Keeping Churches Safe — Tips & Solutions

keeping churches safe

News of attacks in churches and other public places has caused more and more church leaders to make security a priority. In November 2017, a gunman killed 26 people in a church in the small town of Sutherland Springs, Texas. In June 2015, nine people attending a Bible study at a church in Charleston, S.C. were shot and killed.

A recent study found that there had been 137 church shootings during the 25 year period between 1980 and 2005 in the United States, most of which thankfully did not result in deaths. Ongoing work to update the database found that, in the 10 year period between 2006 and 2016, there were 147 church shootings. And neither count includes attacks on non-Christian religious institutions such as mosques and synagogues. Although attacks on places of worship are still rare, their frequency is rising.

Security in churches is a tricky issue, though. Church leaders want to be welcoming to all but also want to keep their congregations safe. Congregations shouldn’t be afraid to attend church, but they can’t afford to ignore risks. Addressing this sensitive issue requires a delicately balanced approach. To keep this balance, it becomes necessary to do some planning and take preventative measures so that churchgoers can feel safe while they worship and fellowship, while still welcoming newcomers and visitors to their church services and events.

There are also, of course, other safety risks that church leaders need to keep in mind. These include extreme weather events, medical emergencies and other incidents.

The following church security tips outline a plan for helping you keep your church safe.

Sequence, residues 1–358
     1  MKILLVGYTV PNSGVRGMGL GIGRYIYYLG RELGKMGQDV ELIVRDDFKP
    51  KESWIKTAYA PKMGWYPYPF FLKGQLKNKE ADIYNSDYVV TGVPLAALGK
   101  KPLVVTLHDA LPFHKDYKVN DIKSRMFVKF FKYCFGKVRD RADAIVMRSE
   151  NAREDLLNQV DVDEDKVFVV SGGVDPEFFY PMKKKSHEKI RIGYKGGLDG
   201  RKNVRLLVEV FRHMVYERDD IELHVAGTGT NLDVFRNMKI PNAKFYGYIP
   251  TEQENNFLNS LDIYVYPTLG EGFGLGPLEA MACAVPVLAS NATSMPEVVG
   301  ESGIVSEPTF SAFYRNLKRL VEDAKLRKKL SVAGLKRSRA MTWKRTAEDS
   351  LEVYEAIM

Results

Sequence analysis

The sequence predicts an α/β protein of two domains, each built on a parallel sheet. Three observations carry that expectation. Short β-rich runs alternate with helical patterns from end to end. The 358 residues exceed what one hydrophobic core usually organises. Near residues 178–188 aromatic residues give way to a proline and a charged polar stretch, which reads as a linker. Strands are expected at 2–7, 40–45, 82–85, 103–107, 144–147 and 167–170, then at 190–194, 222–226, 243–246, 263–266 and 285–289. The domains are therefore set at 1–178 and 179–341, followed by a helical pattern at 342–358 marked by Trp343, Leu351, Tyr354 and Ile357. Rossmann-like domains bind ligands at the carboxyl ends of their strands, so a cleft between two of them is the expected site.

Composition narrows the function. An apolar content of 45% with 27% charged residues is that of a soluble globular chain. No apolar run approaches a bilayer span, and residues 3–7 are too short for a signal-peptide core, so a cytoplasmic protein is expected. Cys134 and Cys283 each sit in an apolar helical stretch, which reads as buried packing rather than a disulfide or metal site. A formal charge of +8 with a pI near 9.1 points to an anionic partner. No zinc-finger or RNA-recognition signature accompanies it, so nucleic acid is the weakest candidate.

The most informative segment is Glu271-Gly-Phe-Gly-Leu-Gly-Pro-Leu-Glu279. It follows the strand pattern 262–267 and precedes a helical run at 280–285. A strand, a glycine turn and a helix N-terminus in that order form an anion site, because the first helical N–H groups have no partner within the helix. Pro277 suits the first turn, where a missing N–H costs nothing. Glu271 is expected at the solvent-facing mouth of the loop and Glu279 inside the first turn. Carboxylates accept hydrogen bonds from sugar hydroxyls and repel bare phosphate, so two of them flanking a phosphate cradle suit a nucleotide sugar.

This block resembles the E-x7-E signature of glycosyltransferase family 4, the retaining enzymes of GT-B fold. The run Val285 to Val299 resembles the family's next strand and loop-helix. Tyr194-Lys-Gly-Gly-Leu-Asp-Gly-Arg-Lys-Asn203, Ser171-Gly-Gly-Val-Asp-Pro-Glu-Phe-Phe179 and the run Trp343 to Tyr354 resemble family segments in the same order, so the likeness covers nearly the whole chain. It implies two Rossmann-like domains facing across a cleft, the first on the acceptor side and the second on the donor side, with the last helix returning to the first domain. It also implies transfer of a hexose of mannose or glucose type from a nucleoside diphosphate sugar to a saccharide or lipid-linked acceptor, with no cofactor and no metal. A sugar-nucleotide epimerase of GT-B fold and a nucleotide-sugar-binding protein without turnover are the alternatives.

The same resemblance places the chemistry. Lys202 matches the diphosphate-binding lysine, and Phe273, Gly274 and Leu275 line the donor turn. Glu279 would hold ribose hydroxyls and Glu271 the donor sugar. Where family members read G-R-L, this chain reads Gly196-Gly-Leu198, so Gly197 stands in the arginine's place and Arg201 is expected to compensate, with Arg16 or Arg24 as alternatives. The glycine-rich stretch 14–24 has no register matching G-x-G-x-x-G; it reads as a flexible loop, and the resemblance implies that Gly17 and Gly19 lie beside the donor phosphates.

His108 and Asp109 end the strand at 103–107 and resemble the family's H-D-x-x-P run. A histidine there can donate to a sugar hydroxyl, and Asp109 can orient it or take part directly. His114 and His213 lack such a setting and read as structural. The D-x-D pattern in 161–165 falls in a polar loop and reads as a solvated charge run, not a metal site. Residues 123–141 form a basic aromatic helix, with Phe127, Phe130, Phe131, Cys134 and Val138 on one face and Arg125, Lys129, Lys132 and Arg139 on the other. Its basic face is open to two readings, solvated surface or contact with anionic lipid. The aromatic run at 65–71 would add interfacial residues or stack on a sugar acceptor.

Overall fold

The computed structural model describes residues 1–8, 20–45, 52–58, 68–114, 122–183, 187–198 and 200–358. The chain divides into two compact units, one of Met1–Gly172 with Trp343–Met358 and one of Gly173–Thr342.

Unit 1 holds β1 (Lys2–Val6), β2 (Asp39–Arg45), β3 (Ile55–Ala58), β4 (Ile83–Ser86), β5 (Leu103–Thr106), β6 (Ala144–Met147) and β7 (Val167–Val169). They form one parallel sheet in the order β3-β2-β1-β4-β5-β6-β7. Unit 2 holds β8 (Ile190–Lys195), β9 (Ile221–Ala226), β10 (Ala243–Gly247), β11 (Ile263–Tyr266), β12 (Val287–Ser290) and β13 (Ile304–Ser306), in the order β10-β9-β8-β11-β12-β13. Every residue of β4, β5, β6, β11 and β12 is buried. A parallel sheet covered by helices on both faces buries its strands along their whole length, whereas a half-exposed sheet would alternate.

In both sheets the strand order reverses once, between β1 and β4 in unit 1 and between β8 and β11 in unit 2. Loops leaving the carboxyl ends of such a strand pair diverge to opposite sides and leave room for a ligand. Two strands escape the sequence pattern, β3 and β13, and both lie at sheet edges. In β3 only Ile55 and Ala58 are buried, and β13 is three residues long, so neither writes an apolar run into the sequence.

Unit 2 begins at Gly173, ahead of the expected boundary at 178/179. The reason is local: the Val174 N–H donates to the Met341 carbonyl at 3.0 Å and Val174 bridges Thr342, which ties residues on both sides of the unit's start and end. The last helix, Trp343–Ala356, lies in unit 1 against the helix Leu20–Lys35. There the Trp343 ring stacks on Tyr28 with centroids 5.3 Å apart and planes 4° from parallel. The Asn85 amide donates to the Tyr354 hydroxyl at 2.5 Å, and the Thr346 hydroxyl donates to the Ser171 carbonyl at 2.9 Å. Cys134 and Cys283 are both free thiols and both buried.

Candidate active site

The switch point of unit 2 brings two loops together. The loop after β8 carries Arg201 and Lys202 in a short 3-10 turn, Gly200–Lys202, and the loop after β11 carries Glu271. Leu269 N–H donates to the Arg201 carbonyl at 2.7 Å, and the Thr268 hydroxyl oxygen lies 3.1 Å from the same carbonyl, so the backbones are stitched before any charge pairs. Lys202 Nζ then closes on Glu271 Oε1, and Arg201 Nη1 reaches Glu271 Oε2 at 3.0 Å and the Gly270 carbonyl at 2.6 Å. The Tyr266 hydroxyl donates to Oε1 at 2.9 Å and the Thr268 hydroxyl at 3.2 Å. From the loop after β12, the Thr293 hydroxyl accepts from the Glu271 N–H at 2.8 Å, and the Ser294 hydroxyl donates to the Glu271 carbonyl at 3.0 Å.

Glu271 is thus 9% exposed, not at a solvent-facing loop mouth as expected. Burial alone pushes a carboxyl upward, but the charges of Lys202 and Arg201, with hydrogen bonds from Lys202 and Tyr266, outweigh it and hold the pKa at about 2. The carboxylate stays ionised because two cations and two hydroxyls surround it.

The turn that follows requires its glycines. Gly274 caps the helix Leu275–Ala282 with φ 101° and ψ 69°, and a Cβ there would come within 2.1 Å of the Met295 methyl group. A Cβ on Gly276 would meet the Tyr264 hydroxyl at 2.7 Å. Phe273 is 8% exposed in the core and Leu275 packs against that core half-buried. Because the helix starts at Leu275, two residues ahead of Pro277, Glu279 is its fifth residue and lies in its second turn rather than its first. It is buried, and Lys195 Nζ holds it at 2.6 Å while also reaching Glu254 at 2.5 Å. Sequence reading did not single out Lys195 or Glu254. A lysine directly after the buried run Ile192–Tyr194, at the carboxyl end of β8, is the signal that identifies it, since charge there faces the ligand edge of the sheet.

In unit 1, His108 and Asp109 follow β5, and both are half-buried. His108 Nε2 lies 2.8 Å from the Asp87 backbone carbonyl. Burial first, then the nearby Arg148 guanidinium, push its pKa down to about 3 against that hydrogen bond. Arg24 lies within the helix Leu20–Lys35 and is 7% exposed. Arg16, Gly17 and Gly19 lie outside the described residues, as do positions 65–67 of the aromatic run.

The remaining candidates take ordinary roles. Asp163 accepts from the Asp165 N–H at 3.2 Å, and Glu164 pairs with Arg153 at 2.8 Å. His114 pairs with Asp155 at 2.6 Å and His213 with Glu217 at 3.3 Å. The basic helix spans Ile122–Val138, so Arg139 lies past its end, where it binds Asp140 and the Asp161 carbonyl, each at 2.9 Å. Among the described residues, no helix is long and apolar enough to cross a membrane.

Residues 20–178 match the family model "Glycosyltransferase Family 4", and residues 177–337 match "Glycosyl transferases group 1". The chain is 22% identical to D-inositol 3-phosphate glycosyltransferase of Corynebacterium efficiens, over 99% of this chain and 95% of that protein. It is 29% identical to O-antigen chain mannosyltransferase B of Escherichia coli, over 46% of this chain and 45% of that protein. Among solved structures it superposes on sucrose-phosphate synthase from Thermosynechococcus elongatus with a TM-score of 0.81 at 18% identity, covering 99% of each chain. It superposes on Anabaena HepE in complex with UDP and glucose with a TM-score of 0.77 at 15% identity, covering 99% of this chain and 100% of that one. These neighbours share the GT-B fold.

1. Conduct a Safety Assessment

Preparation is key to this balance. To get a better idea of what steps you should take, conduct a safety assessment of your building and safety resources. Evaluate the physical aspects of your building, any safety plans you have in place and the resources you have that you can put toward security and safety measures.

In your safety assessment, take a look at:

  • Entrances and exits
  • Cameras, lighting and other security-related features
  • Available medical supplies such as first aid kits and automated external defibrillators (AEDs)
  • Basements and other areas that could be used for refuge during extreme weather events
  • Plans and protocols you have in place
  • Financial resources that can go toward safety and security
  • People in your church community who have security and safety knowledge and experience

reach out to congregation members and local safety professionals

If there are members of your congregation who have experience in safety or security work, have them help you with the assessment. You might also consider reaching out to local safety professionals such as police or firefighters. These experts will be able to help you understand safety issues and offer ideas for church security improvements.

2. Create a Safety Ministry

Once you’ve done a review of the safety aspects of your church, you can assemble a team to help you manage security issues. Some have called this team a safety ministry or safety committee. Members of this committee could include church leadership, interested congregation members, community leaders, public safety officials and local law enforcement. This safety ministry can help create safety and security plans, organize training events, allocate the safety budget and provide support to the congregation.

Some larger churches have created security teams and even hired professional security guards. Many churches, though, don’t have the budget to hire security professionals and feel hesitant about having either professional or volunteer security guards. You might feel comfortable, however, with designating qualified volunteers to simply keep a watchful eye and take the lead in the unfortunate case that an issue does occur.